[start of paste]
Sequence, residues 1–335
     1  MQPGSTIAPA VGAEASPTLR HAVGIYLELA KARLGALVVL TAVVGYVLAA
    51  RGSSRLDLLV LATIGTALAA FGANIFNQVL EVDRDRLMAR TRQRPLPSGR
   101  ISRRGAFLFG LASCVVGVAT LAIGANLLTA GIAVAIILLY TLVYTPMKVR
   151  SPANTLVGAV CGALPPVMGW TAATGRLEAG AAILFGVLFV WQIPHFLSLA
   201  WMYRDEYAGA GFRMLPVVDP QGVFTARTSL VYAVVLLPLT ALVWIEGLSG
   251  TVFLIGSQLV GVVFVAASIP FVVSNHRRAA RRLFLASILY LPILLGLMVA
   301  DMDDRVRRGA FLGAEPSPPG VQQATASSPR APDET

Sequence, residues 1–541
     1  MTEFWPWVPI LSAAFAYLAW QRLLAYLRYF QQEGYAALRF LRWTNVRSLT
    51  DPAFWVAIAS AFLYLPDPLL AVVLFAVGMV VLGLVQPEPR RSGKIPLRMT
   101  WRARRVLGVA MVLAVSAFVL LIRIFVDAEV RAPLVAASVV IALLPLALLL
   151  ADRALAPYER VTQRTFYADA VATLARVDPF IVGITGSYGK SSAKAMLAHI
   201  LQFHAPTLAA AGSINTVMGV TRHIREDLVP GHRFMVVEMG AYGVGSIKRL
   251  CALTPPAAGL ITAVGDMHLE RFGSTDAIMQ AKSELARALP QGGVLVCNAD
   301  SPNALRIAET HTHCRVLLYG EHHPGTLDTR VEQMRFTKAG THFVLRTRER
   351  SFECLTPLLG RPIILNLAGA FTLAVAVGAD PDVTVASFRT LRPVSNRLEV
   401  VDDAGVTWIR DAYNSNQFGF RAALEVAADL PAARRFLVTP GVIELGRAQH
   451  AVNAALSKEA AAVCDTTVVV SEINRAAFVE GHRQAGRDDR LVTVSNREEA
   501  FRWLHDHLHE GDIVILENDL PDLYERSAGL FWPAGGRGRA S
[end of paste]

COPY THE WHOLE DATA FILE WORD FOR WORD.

Sequence, residues 1–335
     1  MQPGSTIAPA VGAEASPTLR HAVGIYLELA KARLGALVVL TAVVGYVLAA
    51  RGSSRLDLLV LATIGTALAA FGANIFNQVL EVDRDRLMAR TRQRPLPSGR
   101  ISRRGAFLFG LASCVVGVAT LAIGANLLTA GIAVAIILLY TLVYTPMKVR
   151  SPANTLVGAV CGALPPVMGW TAATGRLEAG AAILFGVLFV WQIPHFLSLA
   201  WMYRDEYAGA GFRMLPVVDP QGVFTARTSL VYAVVLLPLT ALVWIEGLSG
   251  TVFLIGSQLV GVVFVAASIP FVVSNHRRAA RRLFLASILY LPILLGLMVA
   301  DMDDRVRRGA FLGAEPSPPG VQQATASSPR APDET

Sequence, residues 1–541
     1  MTEFWPWVPI LSAAFAYLAW QRLLAYLRYF QQEGYAALRF LRWTNVRSLT
    51  DPAFWVAIAS AFLYLPDPLL AVVLFAVGMV VLGLVQPEPR RSGKIPLRMT
   101  WRARRVLGVA MVLAVSAFVL LIRIFVDAEV RAPLVAASVV IALLPLALLL
   151  ADRALAPYER VTQRTFYADA VATLARVDPF IVGITGSYGK SSAKAMLAHI
   201  LQFHAPTLAA AGSINTVMGV TRHIREDLVP GHRFMVVEMG AYGVGSIKRL
   251  CALTPPAAGL ITAVGDMHLE RFGSTDAIMQ AKSELARALP QGGVLVCNAD
   301  SPNALRIAET HTHCRVLLYG EHHPGTLDTR VEQMRFTKAG THFVLRTRER
   351  SFECLTPLLG RPIILNLAGA FTLAVAVGAD PDVTVASFRT LRPVSNRLEV
   401  VDDAGVTWIR DAYNSNQFGF RAALEVAADL PAARRFLVTP GVIELGRAQH
   451  AVNAALSKEA AAVCDTTVVV SEINRAAFVE GHRQAGRDDR LVTVSNREEA
   501  FRWLHDHLHE GDIVILENDL PDLYERSAGL FWPAGGRGRA S